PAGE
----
We agree with Finding Dory: Marine animals should be rescued, rehabilitated, and released
Elizabeth Hogan, U.S. Oceans and Wildlife Campaign Manager at World Animal Protection, discusses similarities between our work and themes present in the new Disney/Pixar movie Finding Dory.
Like just about everyone else who’s seen it, I absolutely loved Pixar’s Finding Dory.
For me this film held a particularly personal message because it echoed the work that my colleagues and I do every day.
The mission of the fictional Marine Life Institute in the movie is exactly what World Animal Protection is doing in partnership with Marine Mammals of Maine – rescuing, rehabilitating, and releasing sick and injured marine wildlife, particularly seals.
Marine Mammals of Maine rescues entangled and/or abandoned seals like the two featured in this video.
The sea lions in the film made me laugh, as I remembered the Steller sea lions I met in Alaska last year, who also loved hauling out on “their” rocks.
I was visiting Alaska on a rescue mission to free sea lions of plastic entanglements, similar to Dory’s predicament when she swam into a plastic beverage holder. For the sea lions in Alaska, our mission was to rescue and immediately release them, but fortunately the outcome was the same – alleviating the horrible entanglements that can cause infection or starvation and then letting the animals go right on with their wild lives in their natural habitat.
— Animal Protection US (@MoveTheWorldUS) June 27, 2016
The threat of plastic entanglement for marine animals – including blue tang fish like Dory – is very real. Plastic is light and easily gets picked up by an ocean breeze at the beach. Chasing it down and disposing of it properly might not seem that meaningful. But to an animal that becomes trapped in that material, it is the difference between a lifetime enduring a painful infection, injury, or limited capacity to feed.
Plastic debris causes suffering for marine animals. Top Image: Disney/Pixar
One part of the film I particularly appreciated was that it gives the viewer the marine animal’s perspective, particularly in those memorable “Kid Zone” scenes at the Marine Life Institute. The viewer sees the terror of Dory and Hank, the octopus, as hands reach into the touch tank to poke and grab and handle. Interaction with wild animals, while exciting to people, is definitely not natural for the creatures that we are so determined to “experience” up close.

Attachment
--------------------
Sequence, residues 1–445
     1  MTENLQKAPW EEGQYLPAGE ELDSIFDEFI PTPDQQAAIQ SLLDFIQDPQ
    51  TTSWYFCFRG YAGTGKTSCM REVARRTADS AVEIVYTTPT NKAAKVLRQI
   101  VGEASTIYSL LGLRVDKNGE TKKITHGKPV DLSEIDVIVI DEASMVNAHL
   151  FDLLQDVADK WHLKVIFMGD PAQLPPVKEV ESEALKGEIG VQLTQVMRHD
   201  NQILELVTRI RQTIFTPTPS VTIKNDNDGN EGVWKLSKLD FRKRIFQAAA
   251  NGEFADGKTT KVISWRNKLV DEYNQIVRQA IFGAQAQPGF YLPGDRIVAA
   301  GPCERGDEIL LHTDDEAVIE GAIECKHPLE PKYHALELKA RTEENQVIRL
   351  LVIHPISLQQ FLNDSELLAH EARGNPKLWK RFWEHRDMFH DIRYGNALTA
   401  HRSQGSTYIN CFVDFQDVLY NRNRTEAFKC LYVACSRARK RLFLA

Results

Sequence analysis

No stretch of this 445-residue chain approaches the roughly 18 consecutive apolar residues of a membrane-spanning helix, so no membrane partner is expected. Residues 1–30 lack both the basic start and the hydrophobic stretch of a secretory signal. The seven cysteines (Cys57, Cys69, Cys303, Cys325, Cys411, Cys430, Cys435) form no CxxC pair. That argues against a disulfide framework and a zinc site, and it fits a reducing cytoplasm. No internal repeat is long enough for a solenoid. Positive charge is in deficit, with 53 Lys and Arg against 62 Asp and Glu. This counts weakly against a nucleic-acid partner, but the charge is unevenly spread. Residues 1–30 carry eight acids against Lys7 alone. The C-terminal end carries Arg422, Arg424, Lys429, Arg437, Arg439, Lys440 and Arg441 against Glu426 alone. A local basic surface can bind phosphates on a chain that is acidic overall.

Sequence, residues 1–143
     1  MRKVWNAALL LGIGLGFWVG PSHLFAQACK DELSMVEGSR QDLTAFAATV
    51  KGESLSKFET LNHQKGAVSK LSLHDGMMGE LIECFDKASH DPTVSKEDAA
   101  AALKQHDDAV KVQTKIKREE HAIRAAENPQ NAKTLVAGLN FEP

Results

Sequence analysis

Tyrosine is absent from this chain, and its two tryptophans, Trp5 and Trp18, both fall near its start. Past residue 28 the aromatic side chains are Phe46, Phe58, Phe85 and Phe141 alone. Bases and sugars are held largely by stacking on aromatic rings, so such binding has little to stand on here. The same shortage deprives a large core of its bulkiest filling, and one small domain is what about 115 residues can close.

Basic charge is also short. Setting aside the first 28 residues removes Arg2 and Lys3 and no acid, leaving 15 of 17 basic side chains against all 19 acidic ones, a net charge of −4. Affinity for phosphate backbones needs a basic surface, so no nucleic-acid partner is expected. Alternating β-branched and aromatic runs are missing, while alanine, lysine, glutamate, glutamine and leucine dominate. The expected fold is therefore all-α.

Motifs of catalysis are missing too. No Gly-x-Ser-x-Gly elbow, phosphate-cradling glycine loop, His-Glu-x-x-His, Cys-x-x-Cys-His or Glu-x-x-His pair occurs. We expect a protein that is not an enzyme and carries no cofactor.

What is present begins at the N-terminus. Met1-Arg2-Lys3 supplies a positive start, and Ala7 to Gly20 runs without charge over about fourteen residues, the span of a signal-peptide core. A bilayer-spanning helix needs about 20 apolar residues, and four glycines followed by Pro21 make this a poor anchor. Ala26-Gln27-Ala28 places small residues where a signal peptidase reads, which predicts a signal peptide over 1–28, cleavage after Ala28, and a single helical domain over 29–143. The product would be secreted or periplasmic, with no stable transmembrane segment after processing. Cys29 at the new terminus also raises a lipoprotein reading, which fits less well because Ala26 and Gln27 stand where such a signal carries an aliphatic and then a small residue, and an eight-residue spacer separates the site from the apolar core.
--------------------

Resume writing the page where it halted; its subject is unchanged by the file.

And I know this from firsthand experience – Marine Mammals of Maine has seen a spike in injured and abandoned seal pups since the rise of selfies.
Tourists eager for a photo can wind up scaring away a baby seal’s mother, who often leaves her pup on a beach to rest while she forages for food. But if she returns to find a human crowd gathered around her pup, a mother seal will be frightened and leave. The sad consequence – long after tourists and their cameras go home -- is that the seal pup is forced to fend for itself at an age when it is incapable of doing so.
At World Animal Protection, we strive every day to make oceans safer for marine animals like Dory, Marlon, Hank, and Nemo. Through our Sea Change campaign, we’re working to reduce the volume of lost fishing gear, known as ghost gear; remove it from the world’s oceans; and rescue entangled animals.
Through our Wildlife. Not Entertainers campaign, we’re showing tourists that wild animals belong in the wild, not in captivity for tourist entertainment.
It’s also important to remember that exotic animals like the clownfish (Marlon and Nemo) and blue tangs (Dory) we see in Finding Dory should not be kept as pets, since doing so causes serious harm to the wild populations of these beautiful fish.
It’s been reported that Disney pushed back the release of Finding Dory to rewrite the movie’s script, after the release of Blackfish and increased public awareness of the suffering marine animals like orcas experience in captive performance venues. I applaud them for doing so. The finished film shows that while rescuing and rehabilitating animals can provide temporary and necessary medical help, marine animals are most at home in the wild.
Elizabeth Hogan is U.S. Oceans and Wildlife Campaign Manager at World Animal Protection. Her work focuses on marine wildlife entanglement, whaling policy, marine wildlife in captivity, and illegal wildlife trade.
Top image: iStock. by Getty Images